Henry B. Harris, who leaped into prominence in the New York theatrical field only about half a dozen years ago as manager, and producer, was, nevertheless, a veteran of many years' standing before metropolitan fame came to him, and is a member of an old theatrical family.
He was born in St. Louis Dec. 1, 1866. His father, William Harris, a theatrical manager of note, is now associated with the firm of Klaw & Erlanger. The son received his education at the public schools in that city and later in Boston, to which city his parents moved while he was yet a boy. It was in the Massachusetts capital that Harris got his first training as a theatrical man, becoming connected with the famous old Howard Athenaeum there. He remained identified with that house for several years, leaving it to become a partner in the firm of Rich & Harris, for many years active in the theatrical history of Boston. It was during his association with this firm that he laid the foundations of his future success by a number of highly successful ventures. Among the stars whom he managed in a number of successful plays at this time were May Irwin, Pete Dailey, and Mrs. Langtry.
He also produced "The Climbers," with Amelia Bingham in the principal feminine role, and the success of this play went far toward paving the way for Harris's coming to New York. After launching Robert Edeson on his starring career, Harris became manager of the Hudson Theatre, in West Forty-fourth Street, in 1903, a position which he held continuously ever since.
He acquired the Hackett Theatre in 1906, and soon after won one of the biggest victories of his whole career with Charles Klein's "The Lion and the Mouse," which was played by several companies throughout the United States for several years, and brought money and reputation to its producer.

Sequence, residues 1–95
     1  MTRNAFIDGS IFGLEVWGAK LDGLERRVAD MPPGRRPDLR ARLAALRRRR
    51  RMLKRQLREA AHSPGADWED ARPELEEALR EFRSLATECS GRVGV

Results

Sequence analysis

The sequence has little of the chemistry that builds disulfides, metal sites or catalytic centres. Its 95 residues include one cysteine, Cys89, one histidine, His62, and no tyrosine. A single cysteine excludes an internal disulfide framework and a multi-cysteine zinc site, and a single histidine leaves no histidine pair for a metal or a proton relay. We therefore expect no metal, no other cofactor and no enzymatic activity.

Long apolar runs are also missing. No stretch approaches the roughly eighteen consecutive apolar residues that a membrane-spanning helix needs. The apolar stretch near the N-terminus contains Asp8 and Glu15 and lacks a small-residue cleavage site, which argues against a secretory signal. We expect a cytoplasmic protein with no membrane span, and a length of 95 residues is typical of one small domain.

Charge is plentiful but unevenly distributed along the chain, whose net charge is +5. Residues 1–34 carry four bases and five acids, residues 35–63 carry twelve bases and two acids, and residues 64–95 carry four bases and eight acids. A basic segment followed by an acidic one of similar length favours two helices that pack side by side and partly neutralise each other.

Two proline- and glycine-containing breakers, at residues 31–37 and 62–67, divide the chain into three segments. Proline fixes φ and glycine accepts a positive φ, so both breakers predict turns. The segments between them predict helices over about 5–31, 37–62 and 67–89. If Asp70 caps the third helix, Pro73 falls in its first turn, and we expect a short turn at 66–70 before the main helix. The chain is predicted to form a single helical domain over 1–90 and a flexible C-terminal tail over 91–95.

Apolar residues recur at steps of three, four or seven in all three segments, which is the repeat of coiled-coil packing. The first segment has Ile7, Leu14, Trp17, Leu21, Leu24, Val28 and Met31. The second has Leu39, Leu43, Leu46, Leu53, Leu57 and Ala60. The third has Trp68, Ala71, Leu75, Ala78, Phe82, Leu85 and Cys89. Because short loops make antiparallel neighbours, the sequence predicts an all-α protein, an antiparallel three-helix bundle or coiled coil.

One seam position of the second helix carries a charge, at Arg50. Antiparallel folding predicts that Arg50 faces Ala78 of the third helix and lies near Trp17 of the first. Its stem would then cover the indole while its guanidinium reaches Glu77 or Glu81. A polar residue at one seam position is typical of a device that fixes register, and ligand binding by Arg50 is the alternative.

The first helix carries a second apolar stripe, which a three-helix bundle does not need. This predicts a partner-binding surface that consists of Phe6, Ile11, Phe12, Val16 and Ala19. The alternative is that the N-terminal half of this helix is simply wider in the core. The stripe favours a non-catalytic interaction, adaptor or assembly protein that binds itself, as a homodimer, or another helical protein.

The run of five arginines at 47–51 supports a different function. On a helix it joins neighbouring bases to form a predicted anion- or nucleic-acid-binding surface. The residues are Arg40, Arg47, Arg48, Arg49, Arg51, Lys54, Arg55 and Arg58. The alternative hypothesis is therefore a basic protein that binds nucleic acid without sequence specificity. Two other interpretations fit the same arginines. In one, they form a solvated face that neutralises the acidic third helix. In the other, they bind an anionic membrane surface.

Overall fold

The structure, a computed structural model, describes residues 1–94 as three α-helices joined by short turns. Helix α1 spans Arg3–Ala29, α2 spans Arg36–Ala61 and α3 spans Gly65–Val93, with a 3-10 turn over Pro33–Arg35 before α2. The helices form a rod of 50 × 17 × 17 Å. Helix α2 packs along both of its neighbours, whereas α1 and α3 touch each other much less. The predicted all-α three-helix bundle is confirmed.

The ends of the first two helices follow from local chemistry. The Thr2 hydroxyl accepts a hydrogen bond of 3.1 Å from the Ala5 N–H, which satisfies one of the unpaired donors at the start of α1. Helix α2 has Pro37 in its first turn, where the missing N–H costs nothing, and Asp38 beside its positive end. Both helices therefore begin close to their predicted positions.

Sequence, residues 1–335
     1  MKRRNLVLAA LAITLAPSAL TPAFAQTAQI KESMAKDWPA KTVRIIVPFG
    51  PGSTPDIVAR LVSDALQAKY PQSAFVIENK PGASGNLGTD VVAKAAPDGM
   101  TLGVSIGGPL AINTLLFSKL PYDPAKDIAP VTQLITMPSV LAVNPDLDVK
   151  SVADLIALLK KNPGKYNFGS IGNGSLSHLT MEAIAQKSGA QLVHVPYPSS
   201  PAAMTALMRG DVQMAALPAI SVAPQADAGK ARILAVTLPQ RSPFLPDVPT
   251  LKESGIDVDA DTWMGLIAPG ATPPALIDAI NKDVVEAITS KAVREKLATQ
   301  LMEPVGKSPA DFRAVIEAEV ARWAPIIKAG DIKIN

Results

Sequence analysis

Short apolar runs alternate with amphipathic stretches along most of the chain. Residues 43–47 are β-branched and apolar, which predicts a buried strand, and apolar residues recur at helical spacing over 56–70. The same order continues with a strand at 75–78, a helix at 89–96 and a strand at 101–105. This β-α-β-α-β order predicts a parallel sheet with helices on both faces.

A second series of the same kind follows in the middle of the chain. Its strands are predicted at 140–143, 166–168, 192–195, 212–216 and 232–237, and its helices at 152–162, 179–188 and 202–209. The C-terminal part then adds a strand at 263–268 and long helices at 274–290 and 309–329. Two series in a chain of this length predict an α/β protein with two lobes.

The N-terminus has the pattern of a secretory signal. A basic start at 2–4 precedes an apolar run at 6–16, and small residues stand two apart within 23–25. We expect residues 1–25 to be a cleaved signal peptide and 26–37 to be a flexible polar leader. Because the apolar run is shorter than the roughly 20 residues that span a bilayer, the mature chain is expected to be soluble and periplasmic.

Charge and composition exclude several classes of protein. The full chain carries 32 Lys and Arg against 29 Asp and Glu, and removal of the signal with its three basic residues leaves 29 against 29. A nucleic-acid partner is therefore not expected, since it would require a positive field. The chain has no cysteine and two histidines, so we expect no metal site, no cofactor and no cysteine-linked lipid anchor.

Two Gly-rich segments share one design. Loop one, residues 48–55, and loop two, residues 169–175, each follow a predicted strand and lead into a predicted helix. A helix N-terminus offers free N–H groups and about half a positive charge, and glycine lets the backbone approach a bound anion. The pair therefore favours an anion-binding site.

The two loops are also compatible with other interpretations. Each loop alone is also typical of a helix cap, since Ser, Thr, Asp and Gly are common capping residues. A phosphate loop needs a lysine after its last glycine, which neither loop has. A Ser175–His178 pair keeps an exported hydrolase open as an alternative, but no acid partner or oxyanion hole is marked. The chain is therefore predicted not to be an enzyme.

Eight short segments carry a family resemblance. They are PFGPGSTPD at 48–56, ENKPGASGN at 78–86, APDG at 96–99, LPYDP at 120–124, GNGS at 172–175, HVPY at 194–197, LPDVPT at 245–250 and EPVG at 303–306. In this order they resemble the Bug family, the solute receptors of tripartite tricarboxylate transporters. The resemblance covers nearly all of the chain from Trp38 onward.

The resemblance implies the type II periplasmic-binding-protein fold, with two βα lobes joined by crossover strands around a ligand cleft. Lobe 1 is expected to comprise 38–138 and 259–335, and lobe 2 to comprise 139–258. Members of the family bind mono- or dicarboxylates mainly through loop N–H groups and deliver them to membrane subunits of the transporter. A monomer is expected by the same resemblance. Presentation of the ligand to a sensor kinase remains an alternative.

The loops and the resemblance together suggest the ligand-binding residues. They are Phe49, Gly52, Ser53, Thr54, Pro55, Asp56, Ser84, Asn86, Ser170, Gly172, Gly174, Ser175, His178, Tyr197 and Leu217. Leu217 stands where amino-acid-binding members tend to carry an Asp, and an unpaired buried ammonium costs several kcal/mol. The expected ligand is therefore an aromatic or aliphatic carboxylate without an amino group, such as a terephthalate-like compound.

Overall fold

Subsequent Harris successes were “The Traveling Salesman” and “The Third Degree.” Recently Mr. Harris had no less than sixteen companies on tour during a single season.
He is President of the Henry B. Harris Company and the National Producing Managers of America, Director in the Theatre Managers’ Association of Greater New York, Treasurer of the Actors' Fund of America, and Trustee of the Hebrew Infant Asylum of New York.
He belongs to the Lambs and Green Room Clubs. His New York residence is at 50 Central Park West, and he has offices in the Hudson Theatre building.
His wife, who was with him on the Titanic, was Miss Irene Wallach of Washington. Their marriage took place in 1898. She was of great help to her husband in his business, assisting him materially in his decisions regarding plays submitted to him. He stated once that he always consulted her before accepting a play, being a firm believer in the value of a woman's point of view regarding matters theatrical. She usually accompanied him on his trips to the various cities of the United States to be present at the opening nights of Harris productions.